Let us face it, the year 2020 did not only take us by storm, it has completely thrown us off balance. It has destroyed our sense of security (and insecurity) and created a new normal. In a world that is backed up by scientific research and academic predictions of life, we find ourselves in a dark spot. How did we get here?
Social scientists, economists, scientists and all other professionals are preoccupied with postmortem to get to the root of the change we now find ourselves in. Practical and theorarical models are being re-examined in a bid to find out if we could have read the signs earlier. For a country like the USA, its President Donald Trump has resorted to blaming the World Health Organization for not “warning the world” about the potential of the pandemic which started off in China’s Wuhan. Just as we are preoccupied with finding a cure and vaccine for the deadly virus, we are equally concerned with assigning blame for this global pandemic. World leaders at the World Health Assembly this week have called on the WHO to look into China’s role in the spread of the virus.
The principle of “lockdown” as a preventive measure for stopping the spread of the corona virus became popular globally ushering in an unprecedented shut down of just about every sector and world system. Migration came to a standstill, economic activity froze, social life was suspended, etc.
Almost three months later now, the world is beginning to reopen. Health workers and experts feel that lockdowns have played a role in controlling the spread of the virus even when we are still at risk due to lack of a clear cure or vaccine. Measures of social distancing and other ways of preventing the spread of the virus are being encouraged. Almost everywhere in the world now, it is advised that people where masks if they are going in public spaces.
The economic devastation of the corona virus pandemic will be felt in the coming months. For countries of the South, it is going to be worse. Even before the pandemic, issues of income inequality, lack of social security and unemployment were an on-going concern in the South. The pandemic has laid bare the cracks in the systems of most of these countries. While Western governments were able to cushion their citizens with stimulus payments into the economy (and) for living expenses, in countries like my Uganda, our government sought for assistance from its citizens in order to be able to respond to the corona virus.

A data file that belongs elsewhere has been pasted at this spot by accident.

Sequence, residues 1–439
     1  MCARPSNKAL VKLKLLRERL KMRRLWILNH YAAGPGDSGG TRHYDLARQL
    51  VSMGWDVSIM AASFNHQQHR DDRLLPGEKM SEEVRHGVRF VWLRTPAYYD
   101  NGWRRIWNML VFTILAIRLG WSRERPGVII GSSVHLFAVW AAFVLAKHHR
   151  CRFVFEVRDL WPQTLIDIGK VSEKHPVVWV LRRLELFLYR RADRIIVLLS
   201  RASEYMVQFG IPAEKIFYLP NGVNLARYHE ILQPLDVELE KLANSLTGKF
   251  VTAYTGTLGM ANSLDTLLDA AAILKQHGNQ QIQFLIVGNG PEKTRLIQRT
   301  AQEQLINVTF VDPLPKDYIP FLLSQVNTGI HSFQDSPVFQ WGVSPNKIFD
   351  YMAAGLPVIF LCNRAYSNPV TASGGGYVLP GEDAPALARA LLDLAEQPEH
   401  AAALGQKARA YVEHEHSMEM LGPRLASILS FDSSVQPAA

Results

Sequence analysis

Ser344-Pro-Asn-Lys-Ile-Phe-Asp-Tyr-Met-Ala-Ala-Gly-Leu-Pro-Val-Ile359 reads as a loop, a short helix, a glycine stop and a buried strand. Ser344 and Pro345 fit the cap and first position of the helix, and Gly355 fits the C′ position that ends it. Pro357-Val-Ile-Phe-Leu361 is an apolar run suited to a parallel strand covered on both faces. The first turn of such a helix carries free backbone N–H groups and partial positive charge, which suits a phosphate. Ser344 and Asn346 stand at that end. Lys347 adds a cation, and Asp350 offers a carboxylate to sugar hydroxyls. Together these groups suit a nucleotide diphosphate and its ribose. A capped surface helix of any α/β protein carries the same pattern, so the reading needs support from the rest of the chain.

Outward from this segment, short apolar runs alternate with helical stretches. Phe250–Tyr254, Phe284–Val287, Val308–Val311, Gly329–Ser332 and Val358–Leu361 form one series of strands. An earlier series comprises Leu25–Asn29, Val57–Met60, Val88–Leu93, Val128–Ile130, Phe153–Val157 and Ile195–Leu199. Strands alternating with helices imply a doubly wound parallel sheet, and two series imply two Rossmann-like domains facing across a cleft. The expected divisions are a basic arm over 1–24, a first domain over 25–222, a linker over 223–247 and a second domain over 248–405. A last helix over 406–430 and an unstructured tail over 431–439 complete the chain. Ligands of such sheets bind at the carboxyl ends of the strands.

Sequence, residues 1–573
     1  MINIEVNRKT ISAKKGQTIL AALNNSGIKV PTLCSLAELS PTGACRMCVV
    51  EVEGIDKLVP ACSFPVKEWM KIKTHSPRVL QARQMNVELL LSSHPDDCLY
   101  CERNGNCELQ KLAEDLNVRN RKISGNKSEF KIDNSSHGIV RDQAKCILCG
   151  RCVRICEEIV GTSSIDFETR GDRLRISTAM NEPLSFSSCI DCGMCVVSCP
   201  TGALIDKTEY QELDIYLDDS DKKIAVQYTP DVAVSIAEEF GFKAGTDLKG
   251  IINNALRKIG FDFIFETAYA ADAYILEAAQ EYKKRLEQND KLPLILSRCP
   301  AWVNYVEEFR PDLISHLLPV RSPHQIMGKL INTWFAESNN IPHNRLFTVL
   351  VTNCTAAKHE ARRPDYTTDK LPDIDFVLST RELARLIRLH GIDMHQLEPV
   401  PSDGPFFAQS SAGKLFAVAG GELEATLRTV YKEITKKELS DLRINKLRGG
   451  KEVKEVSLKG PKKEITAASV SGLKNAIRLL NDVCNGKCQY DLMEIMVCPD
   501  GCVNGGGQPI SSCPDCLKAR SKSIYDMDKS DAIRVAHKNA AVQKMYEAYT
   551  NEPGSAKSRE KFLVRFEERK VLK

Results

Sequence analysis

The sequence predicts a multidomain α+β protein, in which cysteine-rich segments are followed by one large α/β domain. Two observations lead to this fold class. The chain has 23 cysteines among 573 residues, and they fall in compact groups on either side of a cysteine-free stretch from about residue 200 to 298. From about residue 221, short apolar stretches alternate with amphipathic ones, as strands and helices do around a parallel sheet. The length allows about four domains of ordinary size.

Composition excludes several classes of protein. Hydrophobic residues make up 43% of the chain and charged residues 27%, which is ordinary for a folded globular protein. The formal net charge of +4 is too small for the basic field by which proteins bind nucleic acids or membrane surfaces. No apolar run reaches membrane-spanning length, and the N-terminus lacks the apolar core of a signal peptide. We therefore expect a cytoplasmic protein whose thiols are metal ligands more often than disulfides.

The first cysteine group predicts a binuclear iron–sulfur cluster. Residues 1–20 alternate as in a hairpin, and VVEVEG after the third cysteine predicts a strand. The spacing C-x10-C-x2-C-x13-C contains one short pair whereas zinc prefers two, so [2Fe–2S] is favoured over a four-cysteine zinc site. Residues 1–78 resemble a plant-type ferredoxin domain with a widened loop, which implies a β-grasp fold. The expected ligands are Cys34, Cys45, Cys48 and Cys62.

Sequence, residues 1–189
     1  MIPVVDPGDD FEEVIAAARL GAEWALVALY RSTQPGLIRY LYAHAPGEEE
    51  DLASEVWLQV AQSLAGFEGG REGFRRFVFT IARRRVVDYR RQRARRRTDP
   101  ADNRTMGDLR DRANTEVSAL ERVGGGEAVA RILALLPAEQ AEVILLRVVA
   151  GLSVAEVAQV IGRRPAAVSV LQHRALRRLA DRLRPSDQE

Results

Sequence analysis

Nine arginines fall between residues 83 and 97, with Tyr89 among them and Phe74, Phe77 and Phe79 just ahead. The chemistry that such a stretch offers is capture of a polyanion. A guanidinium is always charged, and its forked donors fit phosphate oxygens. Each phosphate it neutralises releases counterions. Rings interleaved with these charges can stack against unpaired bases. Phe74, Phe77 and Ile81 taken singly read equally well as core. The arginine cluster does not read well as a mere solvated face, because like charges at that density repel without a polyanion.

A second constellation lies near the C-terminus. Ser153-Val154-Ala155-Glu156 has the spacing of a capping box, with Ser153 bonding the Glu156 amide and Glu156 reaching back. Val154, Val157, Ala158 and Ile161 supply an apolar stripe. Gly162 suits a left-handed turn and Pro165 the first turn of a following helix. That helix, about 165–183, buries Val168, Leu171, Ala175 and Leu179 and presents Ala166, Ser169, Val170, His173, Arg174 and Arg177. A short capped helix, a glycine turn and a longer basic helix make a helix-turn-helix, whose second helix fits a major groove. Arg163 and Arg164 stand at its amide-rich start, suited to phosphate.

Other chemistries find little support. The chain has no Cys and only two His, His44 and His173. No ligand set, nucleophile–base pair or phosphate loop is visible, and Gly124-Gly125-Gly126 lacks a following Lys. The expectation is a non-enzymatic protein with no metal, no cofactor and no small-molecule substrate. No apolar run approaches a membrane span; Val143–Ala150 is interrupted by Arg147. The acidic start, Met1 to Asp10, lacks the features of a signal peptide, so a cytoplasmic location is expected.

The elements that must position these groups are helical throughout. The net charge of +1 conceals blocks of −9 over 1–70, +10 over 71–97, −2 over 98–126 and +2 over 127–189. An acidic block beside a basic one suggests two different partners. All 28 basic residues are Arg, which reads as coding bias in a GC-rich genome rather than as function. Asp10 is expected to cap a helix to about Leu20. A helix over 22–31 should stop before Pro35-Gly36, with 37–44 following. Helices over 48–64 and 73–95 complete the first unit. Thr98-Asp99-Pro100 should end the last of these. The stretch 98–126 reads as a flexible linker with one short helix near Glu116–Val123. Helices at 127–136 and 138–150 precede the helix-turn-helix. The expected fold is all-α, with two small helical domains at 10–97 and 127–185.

It is surprising (to me atleast) that many countries of the Global South continue to rubber-stamp Western style responses to the threat of the virus. In most of these countries, the dynamics are totally different and leaders ought to have put this in mind before hurriedly implementing measures to contain the virus. Uganda for example has been on lockdown for almost two months now. It has registered less than 300 positive cases of the virus with over half of those being imported cases by cargo truck drivers from the Eastern Africa region.
The government attempted a free food distribution for the “urban poor” in two Districts of Uganda which is yet to wind up two months down the road. A patry six (6) kilograms of maize flour accompanied by an equally small measure of beans. It is the expectation of the governement in power that such a small ration of food could take families through two months of home stay!
As we continue to open up our economies, everything still hangs in balance. There is no definite cure for the virus nor has a vaccine been developed yet. We are warned that there could be a new wave of the corona virus. So, economies everywhere are opening up cautiously. Small businesses around the world have been badly affected and in countries where governments have not stepped in with a bailout, it is certainly possible they will close shop or suffer for long time to come. Questions like when international travel will resume still linger unanswered seeing that there is no uniform memo for the reopening of economies. For now, all we have to do is sit and wait.
Ronald Ssegujja Ssekandi wrote this post and can be originally accessed here.